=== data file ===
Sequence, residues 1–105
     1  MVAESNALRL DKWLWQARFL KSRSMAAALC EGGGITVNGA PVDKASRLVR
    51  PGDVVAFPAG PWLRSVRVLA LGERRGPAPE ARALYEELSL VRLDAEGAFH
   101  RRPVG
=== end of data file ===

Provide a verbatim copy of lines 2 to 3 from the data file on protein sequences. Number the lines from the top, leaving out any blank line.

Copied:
     1  MVAESNALRL DKWLWQARFL KSRSMAAALC EGGGITVNGA PVDKASRLVR
    51  PGDVVAFPAG PWLRSVRVLA LGERRGPAPE ARALYEELSL VRLDAEGAFH